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Guide to Plywood Siding Prices & Materials

Plywood siding, sometimes referred to as T1-11, is a wood or wood-based type of siding. It became extremely popular in the '60s, '70s and early '80s. By the mid-80s, plywood siding was losing ground due to the success of other sidings such as aluminum, vinyl and composite. However, there are still a number of homeowners who prefer plywood siding because of the natural look it gives to homes.

The Costs

  • Minimum cost: $2 per square foot

  • Maximum cost: $4 per square foot

Just like any other type of siding, the cost of plywood siding differs, depending on the quality of the plywood used as well as the cost of labor. For low-end plywood siding, homeowners can expect to pay at least $2.40 per square foot. This comes out to be around $3,000 to cover 1,250 square feet. High-end plywood siding costs around $4 per square foot, which equals about $5,000 to cover the same 1,250-square-foot area. It is important for homeowners to keep in mind that this is just an estimate, and the actual cost of the siding will vary.

Labor costs differ, depending on the company that the homeowner chooses for the project. On average, however, most contractors charge around $100 to $150 per 100 square feet of plywood siding installed. Some companies charge by the hour. In this case, it is important for the homeowner to find out how much experience the company has with installing plywood siding. The more experience the company has, the less time it should take. If needed, the homeowner should ask to see work of prior plywood siding projects or request a list of references.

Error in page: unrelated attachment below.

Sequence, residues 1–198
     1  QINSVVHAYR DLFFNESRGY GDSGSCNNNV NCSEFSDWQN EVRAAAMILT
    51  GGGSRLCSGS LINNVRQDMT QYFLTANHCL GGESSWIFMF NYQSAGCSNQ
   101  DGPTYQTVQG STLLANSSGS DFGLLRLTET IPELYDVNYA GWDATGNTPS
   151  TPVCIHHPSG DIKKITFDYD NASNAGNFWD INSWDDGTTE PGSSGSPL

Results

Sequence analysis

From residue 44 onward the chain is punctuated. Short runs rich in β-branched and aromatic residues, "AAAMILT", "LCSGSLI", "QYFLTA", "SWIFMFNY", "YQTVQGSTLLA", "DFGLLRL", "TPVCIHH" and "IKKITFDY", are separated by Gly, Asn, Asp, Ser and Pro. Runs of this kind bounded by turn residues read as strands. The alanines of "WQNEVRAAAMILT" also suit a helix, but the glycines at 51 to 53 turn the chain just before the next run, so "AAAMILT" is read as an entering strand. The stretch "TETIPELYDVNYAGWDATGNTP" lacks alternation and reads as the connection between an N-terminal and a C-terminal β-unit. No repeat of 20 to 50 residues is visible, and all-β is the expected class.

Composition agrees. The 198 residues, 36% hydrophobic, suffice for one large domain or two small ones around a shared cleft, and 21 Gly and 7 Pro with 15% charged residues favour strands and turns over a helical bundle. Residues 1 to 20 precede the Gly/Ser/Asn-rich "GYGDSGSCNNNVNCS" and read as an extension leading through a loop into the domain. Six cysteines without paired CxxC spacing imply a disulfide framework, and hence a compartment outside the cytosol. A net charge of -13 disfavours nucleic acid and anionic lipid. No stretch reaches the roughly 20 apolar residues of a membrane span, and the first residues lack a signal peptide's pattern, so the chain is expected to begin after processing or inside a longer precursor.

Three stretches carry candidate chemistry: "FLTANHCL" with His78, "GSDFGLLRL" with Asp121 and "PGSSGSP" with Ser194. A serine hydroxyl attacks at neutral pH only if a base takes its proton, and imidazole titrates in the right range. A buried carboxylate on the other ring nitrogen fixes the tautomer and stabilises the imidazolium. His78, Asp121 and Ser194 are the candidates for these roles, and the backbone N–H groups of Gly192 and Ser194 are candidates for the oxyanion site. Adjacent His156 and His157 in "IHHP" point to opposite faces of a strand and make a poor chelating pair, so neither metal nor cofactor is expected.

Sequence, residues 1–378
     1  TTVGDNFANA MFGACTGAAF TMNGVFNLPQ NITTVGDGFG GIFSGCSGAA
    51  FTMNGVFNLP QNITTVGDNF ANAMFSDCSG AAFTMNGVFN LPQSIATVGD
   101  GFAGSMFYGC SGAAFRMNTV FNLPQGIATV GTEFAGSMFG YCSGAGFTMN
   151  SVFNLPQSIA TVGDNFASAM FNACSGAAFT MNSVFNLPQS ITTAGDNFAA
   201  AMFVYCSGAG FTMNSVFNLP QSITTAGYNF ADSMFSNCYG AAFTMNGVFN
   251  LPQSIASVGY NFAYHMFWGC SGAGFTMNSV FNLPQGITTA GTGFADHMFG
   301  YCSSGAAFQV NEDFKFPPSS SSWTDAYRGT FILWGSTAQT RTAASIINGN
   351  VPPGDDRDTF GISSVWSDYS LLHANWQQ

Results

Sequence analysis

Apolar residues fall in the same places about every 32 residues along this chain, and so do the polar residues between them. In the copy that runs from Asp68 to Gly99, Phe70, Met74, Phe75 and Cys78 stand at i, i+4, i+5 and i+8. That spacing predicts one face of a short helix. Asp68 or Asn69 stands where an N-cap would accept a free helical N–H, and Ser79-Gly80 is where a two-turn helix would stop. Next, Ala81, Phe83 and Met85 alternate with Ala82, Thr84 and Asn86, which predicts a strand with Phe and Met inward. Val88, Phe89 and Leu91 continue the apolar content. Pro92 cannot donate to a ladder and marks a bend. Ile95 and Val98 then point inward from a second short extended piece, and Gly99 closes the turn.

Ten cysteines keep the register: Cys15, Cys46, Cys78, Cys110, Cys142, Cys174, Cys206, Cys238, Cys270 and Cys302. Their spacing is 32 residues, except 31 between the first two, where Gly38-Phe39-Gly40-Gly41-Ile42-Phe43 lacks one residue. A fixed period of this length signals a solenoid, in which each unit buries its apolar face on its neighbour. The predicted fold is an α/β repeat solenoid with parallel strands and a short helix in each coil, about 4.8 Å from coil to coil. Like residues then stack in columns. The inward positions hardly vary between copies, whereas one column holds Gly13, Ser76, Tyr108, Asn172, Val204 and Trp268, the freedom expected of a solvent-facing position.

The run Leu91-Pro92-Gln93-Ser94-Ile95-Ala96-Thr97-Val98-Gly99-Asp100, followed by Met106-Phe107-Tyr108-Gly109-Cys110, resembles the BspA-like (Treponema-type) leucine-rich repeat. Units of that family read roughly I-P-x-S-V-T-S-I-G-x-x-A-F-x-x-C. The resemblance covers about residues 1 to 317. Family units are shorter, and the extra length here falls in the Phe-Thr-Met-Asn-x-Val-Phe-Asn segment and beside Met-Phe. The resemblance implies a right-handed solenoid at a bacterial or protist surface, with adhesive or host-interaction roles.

When it comes to plywood siding, the main thing that homeowners have to pay attention to is the best type of plywood to use. There are multiple types of plywood to choose from, each one with its own strengths and weaknesses. Keep in mind that each type of plywood has its own grade: A, B, C and D. Grade A is plywood with the least amount of blemishes, and Grade D has the most.

  • Interior plywood - This type of plywood is usually made from hardwood and softwood species. It can only be used for such projects as wall sheathing, cabinetry and furniture. This type of plywood is available in most grades and can be purchased in a variety of different species of wood such as oak, cherry and birch.

  • Exterior plywood - This is considered the most common type of plywood. The type of glue that is used in the construction of exterior plywood is more resistant to moisture, which makes it perfect for outdoor use. It is also available in all grades.

  • Marine plywood - This is the best plywood when moisture resistance is a must. The adhesives used in the making of this plywood are of the best quality. Marine plywood is only found as Grade A. Homeowners are very limited in the type of wood species from which the plywood is made.

  • Structural plywood - This is a very strong plywood, but it is not very attractive. The glue used in this plywood is designed for strength, not looks. Structural plywood is usually not found in anything higher than a Grade C.